P Defeats Summary Judgment (Employment)

In Lewis v. Blackman Plumbing Supply Co. 51 F. Supp. 3d 289 (SDNY 2014), the Southern District of New York denied defendants’ motion for summary judgment on plaintiff’s claims that defendants terminated him because of his hip-related disability, failed to accommodate him, and subjected him to a hostile work environment. As to plaintiff’s discriminatory-discharge claim,…

Read More Evidence, Including Derogatory Comments About Plaintiff’s Walk, Was Sufficient to Overcome Summary Judgment on Plaintiff’s Disability Discrimination Claims
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In Bright v. Coca Cola, 12-cv-234 (EDNY Nov. 3, 2014), an employment discrimination case, the Eastern District of New York granted summary judgment in defendant’s favor. Judge Cogan’s decision is instructive regarding the use of depositions in employment litigation. For non-lawyers/litigators, a “deposition” is (briefly and generally speaking) a witness’s out-of-court testimony that is reduced to…

Read More “Have You Identified All Facts Supporting Your Claims?”
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In Peralta v. Roros 940, Inc., 72 F. Supp. 3d 385 (E.D.N.Y. 2014), the Eastern District of New York denied defendants’ summary judgment motion as to plaintiff’s discriminatory termination (based on pregnancy) claim, but granted it as to her pregnancy-based hostile work environment claim. The defendant, a FedEx subcontractor, alleged that plaintiff, a delivery driver, was…

Read More Unequal Treatment of Non-Pregnant Co-Workers Supports Pregnancy Discrimination Claim Against FedEx Subcontractor
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In EEOC v. Suffolk Laundry Services, 48 F.Supp.3d 497 (2014), the Eastern District of New York denied defendants’ motion for partial summary judgment on plaintiffs’ hostile work environment claims. (Here is the complaint and here is the EEOC press release about the lawsuit.) One point this decision makes is that “conduct directed at other employees is part of the…

Read More “Hostile Work Environment” Can Be Shown By Conduct Directed at Other Employees
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The sudden and tragic suicide of Robin Williams has reinvigorated a national discussion about depression and related conditions. What you may not know is that depression sufferers have legal protections in the workplace, specifically if they are treated unfairly because of their medical condition. Various laws – including the Americans with Disabilities Act of 1990…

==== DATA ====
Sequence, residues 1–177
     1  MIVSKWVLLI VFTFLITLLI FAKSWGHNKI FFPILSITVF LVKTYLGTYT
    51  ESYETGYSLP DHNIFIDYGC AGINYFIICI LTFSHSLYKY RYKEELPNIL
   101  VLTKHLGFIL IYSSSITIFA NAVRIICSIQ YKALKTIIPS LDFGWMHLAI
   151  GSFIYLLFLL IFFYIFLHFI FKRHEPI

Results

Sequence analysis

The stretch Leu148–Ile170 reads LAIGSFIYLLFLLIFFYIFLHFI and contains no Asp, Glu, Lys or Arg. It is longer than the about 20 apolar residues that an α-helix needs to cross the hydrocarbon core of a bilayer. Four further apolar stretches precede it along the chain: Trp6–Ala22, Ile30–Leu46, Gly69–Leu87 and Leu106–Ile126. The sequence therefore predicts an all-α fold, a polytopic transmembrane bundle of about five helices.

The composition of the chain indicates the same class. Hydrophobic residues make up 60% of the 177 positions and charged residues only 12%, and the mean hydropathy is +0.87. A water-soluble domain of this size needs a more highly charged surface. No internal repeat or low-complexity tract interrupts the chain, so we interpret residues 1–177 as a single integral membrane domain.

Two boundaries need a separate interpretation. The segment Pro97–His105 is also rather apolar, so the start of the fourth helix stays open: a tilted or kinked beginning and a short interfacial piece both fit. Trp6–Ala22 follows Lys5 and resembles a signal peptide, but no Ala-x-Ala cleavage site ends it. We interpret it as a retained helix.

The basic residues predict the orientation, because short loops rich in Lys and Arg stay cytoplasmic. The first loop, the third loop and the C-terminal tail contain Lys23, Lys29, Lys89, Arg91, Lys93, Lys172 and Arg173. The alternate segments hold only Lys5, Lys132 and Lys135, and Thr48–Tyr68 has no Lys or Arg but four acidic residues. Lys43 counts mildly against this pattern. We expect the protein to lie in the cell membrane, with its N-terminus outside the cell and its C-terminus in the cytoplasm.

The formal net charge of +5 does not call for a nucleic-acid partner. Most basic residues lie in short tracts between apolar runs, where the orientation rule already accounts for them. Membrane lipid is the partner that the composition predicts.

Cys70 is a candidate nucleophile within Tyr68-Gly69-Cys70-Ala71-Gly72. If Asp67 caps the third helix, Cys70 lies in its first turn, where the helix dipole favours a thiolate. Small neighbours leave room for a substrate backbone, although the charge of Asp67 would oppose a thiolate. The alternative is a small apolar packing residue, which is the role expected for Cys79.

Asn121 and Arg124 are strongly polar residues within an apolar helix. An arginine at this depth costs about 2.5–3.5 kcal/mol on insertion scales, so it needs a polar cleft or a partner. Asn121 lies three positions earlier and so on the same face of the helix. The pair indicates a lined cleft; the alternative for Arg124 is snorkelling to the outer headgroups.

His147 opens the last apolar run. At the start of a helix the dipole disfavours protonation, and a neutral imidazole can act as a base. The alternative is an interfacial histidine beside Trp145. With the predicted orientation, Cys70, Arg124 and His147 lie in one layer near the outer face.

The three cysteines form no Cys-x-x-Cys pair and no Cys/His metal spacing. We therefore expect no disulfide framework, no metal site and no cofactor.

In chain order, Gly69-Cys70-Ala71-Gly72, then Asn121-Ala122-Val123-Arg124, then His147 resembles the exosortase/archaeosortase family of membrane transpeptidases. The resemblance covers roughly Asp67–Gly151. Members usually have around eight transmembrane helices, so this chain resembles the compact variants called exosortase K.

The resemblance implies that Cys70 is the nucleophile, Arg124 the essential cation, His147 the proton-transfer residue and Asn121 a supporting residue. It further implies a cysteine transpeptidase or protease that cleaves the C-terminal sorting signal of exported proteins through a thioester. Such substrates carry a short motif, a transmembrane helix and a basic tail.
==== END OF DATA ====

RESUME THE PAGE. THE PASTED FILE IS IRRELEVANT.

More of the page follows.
Read More Depression as a “Disability” Under the Anti-Discrimination Laws
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In Najjar v. Mirecki, 11-cv-5138 (SDNY July 2, 2013), the Southern District of New York held that a pro se plaintiff raised a triable issue of fact as to various claims of discrimination. This case illustrates the difference between the heightened “but for” and lessened “mixed motive” causation standards, as well as the differences between the…

Read More Age/Disability Discrimination Case Illustrates Difference Between “But For” and “Mixed Motive” Causation Standards
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In Cadet v. Deutsche Bank Securities, 11-cv-7964, 2013 WL 3090690 (SDNY June 18, 2013), decided on June 18, 2013, the Southern District of New York (McMahon, J.) denied defendants’ motion for summary judgment as to plaintiff’s race discrimination claims brought under Title VII of the Civil Rights Act of 1964 and 42 U.S.C. 1981, but dismissed his…

Read More Plaintiff’s Title VII and Section 1981 Race Discrimination Claims Survive in Part
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Mihalik v. Credit Agricole Cheuvreux N. Am., Inc., decided by the Second Circuit today, again illustrates the breadth of the New York City Human Rights Law’s protections against employment discrimination and retaliation.  The Second Circuit vacated the lower court’s decision granting summary judgment to defendant and remanded the case for trial. Plaintiff alleged that her supervisor [CEO…

Read More Sexual Harassment Lawsuit Based On “Boys’ Club” Atmosphere Proceeds To Trial
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